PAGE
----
We present a case of osteosarcoma arising in an osteochondroma of the right fibula in a 30-year-old woman. The available radiographic studies of the lesion were not suggestive of malignant transformation. The lesion and underlying bone were excised. Histologic examination showed a conventional high-grade osteoblastic osteosarcoma that focally eroded the fibrocartilaginous cap. The patient received postoperative chemotherapy and shows no evidence of disease 27 months following operation. The occurrence of osteosarcoma in an osteochondroma is an extremely rare event, and only a few cases are on record in the literature.
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ranking = 0.125
keywords = operative
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18/414. Osteoid osteoma of the elbow: a diagnostic challenge.

    BACKGROUND: Osteoid osteoma is a painful benign neoplasm that is rarely found in the elbow region. methods: The study included fourteen patients, and we believe that this is the largest reported series of patients with osteoid osteoma of the elbow evaluated at one institution. Most of the patients had had symptoms for a prolonged period and had had multiple invasive procedures before an accurate diagnosis was made. Although findings on physical examination generally are nonspecific and are not always accurate in localizing the lesion, plain tomograms and computed tomography scans were most helpful in identifying the nidus in the present study. Thirteen of the patients had limited motion of the elbow before the definitive diagnosis was made, and ten of these thirteen had a mean flexion contracture of 38 degrees. RESULTS: Removal of the nidus resulted in relief of pain and improvement in the range of motion of the elbow in all fourteen patients. A persistent postoperative flexion contracture was more common in the patients who had had a previous arthrotomy of the elbow than in those who had not had that procedure. CONCLUSIONS: It is important to recognize this uncommon entity to avoid the morbidity associated with a prolonged delay in diagnosis. Because the symptoms resolve after excision of the lesion, the surgeon can avoid unnecessary soft-tissue dissection and release of the contracture.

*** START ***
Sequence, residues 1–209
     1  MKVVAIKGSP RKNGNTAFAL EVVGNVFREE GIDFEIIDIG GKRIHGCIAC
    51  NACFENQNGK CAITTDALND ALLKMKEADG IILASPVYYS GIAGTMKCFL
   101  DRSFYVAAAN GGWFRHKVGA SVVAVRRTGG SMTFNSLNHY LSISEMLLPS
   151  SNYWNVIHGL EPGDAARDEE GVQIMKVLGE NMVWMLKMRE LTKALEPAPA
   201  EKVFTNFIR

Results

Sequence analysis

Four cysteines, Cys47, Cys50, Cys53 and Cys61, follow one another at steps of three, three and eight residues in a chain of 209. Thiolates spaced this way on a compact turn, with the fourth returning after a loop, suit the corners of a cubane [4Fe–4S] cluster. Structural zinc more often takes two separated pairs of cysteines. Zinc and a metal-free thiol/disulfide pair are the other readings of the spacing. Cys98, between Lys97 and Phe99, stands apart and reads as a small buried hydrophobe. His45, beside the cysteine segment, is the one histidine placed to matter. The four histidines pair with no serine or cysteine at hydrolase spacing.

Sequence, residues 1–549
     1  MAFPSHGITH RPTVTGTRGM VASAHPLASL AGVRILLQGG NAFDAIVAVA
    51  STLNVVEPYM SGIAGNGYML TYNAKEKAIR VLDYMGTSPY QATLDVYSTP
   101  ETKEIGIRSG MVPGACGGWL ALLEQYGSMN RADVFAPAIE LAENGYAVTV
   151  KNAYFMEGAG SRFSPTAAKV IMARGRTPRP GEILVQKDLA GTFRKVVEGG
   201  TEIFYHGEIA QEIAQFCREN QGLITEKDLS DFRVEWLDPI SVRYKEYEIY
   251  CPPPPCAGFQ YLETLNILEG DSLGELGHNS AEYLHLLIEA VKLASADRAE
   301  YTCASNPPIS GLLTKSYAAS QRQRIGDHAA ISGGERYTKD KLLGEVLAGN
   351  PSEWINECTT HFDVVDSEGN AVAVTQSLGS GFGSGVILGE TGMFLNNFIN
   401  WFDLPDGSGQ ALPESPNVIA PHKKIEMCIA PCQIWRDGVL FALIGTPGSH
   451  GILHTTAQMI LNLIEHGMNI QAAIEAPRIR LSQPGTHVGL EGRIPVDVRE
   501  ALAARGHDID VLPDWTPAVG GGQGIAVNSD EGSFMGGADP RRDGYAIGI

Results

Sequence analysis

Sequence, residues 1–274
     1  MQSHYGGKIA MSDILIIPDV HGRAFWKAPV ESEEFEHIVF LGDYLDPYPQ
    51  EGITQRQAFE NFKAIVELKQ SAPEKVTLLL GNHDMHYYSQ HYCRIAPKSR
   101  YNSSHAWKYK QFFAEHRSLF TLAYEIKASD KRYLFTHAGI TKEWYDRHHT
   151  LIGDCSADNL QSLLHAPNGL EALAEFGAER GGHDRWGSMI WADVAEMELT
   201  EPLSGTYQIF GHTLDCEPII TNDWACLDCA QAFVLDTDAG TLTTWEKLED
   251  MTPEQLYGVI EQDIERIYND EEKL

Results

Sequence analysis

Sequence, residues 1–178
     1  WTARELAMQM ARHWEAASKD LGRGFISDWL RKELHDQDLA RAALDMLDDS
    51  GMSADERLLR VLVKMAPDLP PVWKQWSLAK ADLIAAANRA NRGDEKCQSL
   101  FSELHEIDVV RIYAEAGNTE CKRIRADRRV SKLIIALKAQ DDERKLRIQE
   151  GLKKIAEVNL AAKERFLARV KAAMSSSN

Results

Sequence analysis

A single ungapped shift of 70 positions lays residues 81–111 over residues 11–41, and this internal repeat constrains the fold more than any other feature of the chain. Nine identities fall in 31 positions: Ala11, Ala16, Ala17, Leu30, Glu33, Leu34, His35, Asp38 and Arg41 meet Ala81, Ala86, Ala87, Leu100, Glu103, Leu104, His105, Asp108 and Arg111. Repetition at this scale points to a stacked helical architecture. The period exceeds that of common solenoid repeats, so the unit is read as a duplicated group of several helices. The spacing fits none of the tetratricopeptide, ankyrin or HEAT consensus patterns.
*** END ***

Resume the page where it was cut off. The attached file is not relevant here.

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ranking = 0.125
keywords = operative
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19/414. Large bursa formation associated with osteochondroma of the scapula: a case report and review of the literature.

    bursitis or large bursa formation associated with osteochondroma has rarely been reported. A 33-year-old male presented with upper back pain, a rapidly developing mass beside the lateral border of his right scapula and snapping elicited by movement of the scapula. Plain radiograms and CT revealed osteochondroma on the ventral surface of the scapula without any unmineralized component and a huge cystic lesion around the osteochondroma. Aspiration of the cystic lesion showed the presence of sero-sanguineous fluid. MRI following the aspiration showed a thin cartilaginous cap with distinct outer margin and no soft tissue mass around the cap. Pathological examinations confirmed the diagnosis of osteochondroma with the large bursa formation. Clinical examination 19 months postoperatively showed an uneventful clinical course.
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ranking = 0.125
keywords = operative
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20/414. Recurrent osteoblastoma of the hamate bone. A two-stage reconstruction with a free vascularized iliac crest flap.

    An osteoblastoma in a carpal bone is very rare and presents a problem of reconstruction after wide tumour excision. We report a case of recurrent osteoblastoma of the right hamate bone with involvement of the ulnar carpal bones and soft tissues that was successfully treated by en bloc resection, temporary interposition of bone cement and fixation with K-wires, followed by reconstruction with a free vascularized iliac crest flap, tailored to the exact size of the defect, in a second procedure. Rapid fusion was achieved and hand function preserved with no evidence of recurrence 3 years postoperatively.
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ranking = 0.125
keywords = operative